Posted by: Kathy Temean | August 26, 2012

School Visits – Discussion and Opportunity

August Illustration, sent in from Melissa Iwai.  She is a children’s book illustrator and author. To see her more of her work, go to:

Adriana Brad Schanen‏ e-mailed asking if I could help.  She just became a co-chair of the elementary school’s visiting author program in Montclair, NJ, so she is on the hunt for authors who do fabulous school presentations.

Adriana says, “We are meeting with the new principal soon to get her guidelines, but I thought I’d reach out and see if you could offer any names appropriate for the k-2 or 3-5 grades?

“I’d love to see if we can get some of some of our local authors to present as well!  The PTA is funding this and typically does one author visit in the fall and one in the spring.

“Do you know anybody great  from the area? Any “rock stars” at school visits I should be aware of if we get a big travel budget?”

This started me thinking about what makes a “rock star” school visit?  I thought I would ask all of you to weigh in. 

I have seen lots of medicore school visits where the author is not prepared, totally wings the presentation, or just sits and reads their book.  School don’t need to pay on to come in and read your book to the kids, the teacher can do that.  So what do you bring to the table? 

I’m going to start it off with this vague observation of what I think makes a good school visit: 

I think a “rock star” school visit needs to be inspiring, teach the kids something,  memorable, and fun. 

What do you think makes a great school visit?

If you are an author or illustrator who does school visits, feel free to pitch what you do visits in the comments.

Adriana will be watching and collecting your info for future visits. There may be others out there looking to make a list for other schools around the country.

If you do school visits, do yourself a favor and make a video of your time with the children.  There are lots of people like Adriana who could benefit by watching your visit and if good, it should help you build the amount of visit you do each year.

Talk tomorrow,



  1. Kathy, I agree with your take on what makes a school visit “rock star” quality. I’ve never done one and hope someday I’ll have reason to, but I’m SURE there are authors and illustrators following your blog that would be interested in helping out Ariana 🙂

    And this illustration! Wow! I love it! It has such a magical quality. I want to know what all the little lights are 🙂 I also checked out Melissa’s site and she has more beautiful work. I’m going to check out GREEN AS A BEAN and SNUGGLE MOUNTAIN 🙂


  2. Adriana,
    Hi from Verona. Have you asked Margot at Watching Booksellers? They bring in authors all the time and may have some suggestions as well.


    • hi from montclair, and thanks tracy – yes i have been in touch with marisela and liane at watchung booksellers.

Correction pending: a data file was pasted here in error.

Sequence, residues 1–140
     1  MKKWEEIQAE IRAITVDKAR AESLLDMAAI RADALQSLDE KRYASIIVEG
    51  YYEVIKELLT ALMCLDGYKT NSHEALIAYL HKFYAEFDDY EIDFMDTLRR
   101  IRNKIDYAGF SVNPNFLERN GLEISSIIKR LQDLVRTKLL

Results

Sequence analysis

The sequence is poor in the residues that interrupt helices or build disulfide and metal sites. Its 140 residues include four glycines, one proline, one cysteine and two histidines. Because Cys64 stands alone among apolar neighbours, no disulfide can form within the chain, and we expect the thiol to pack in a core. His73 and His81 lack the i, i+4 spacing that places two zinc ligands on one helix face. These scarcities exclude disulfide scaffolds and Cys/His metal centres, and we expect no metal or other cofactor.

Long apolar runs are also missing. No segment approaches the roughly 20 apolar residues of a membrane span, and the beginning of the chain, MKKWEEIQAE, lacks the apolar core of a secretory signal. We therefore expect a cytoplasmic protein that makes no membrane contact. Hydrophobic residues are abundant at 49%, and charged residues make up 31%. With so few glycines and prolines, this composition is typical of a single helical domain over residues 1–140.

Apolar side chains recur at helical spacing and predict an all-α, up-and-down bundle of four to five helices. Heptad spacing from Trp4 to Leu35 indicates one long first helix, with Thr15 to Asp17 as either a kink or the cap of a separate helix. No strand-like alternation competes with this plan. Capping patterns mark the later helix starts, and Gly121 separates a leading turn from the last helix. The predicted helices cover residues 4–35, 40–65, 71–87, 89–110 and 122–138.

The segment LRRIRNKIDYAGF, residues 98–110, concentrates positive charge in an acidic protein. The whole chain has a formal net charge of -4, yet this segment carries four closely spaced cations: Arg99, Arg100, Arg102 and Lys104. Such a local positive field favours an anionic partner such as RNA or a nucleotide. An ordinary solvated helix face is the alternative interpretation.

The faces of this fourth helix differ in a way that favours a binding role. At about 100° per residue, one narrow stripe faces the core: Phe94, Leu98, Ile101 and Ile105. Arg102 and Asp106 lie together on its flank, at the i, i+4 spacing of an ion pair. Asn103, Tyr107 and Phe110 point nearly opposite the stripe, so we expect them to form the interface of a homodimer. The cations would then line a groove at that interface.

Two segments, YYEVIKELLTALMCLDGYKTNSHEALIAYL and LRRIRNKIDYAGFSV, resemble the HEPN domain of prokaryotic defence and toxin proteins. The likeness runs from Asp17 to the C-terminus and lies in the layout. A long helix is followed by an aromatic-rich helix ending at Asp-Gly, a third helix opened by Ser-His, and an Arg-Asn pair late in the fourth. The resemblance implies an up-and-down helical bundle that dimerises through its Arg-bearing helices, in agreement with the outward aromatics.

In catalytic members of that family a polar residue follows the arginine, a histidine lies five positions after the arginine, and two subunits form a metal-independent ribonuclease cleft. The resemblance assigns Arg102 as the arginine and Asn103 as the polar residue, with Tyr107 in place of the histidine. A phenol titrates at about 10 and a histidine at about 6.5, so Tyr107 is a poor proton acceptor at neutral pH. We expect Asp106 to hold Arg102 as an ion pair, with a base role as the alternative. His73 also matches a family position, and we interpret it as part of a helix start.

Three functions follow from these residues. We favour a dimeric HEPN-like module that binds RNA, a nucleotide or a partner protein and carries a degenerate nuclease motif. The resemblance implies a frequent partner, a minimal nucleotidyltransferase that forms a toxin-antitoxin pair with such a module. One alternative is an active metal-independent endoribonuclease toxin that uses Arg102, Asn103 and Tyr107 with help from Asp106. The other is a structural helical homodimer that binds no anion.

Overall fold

3. Hi Kathy and Andriana. I’ve lived and breathed education. Part of my work sent me to school districts around the U.S. to do staff development with teachers and administrators.

    Here are three things I learned about a knock-em-dead presentation:

    1. Be enthusiastic– like a cheerleader on steroids. If you’re not excited, they won’t be. If you’re exuding cheerfulness and energy, then they’ll believe you believe in what you’re doing. But please, do not be phony!

    2. Within the first two minutes (yes, two minutes, it’s about them, not you) have your audience involved in doing something. Make your presentation interactive–ask questions that have real answers (not just “yes”, “no”, or “I don’t know”.

    Make the questions thought provoking and something that hits them personally. “How do you–?” “When was the last time you–?” “What happened when you–?” With children there’s a comfort if you let them quietly discuss their answer with a partner next to them, then you call on the partnership to share with the group.

    If you ask a question, then practice NOT answering it yourself. Don’t laugh, most presenters do this and end up talking the whole time to their self. Tell them, “Who will take a risk and answer this?” or “I haven’t heard from this side of the room, will you tell us what you think?”

    3. Know your audience. What do they already know? How much experience have they had? Don’t be insulting by disrespecting the knowledge they may have acquired by telling them what they already know.

    Bonus: Have fun! There’s nothing more rewarding than helping mold young minds and giving them new experiences that will carry them into adulthood.

    Hope this helps get some reluctant, talented presenters on their way.


    • Hi, “Inky” 🙂 Thanks for such wonderful tips! I hope to use them some day 🙂


  4. I have written 23 picture books and one chapter book. In sessions for primary grades, called Kiss Your Brain, I discuss the idea and inspiration behind writing each book and read portions of my books, as time permits. Children are exposed to a variety of fiction and nonfiction literature. My focus is to make reading fun so children will enjoy the experience and take from the session positive feelings about books and reading. If they have fun with books, they’ll have a greater interest in the reading and writing. The children participate throughout the session. My goal is to teach children the love of reading. I conduct mini writing workshops for older students in grade three and up. For additional information check out my website: –Nancy Kelly Allen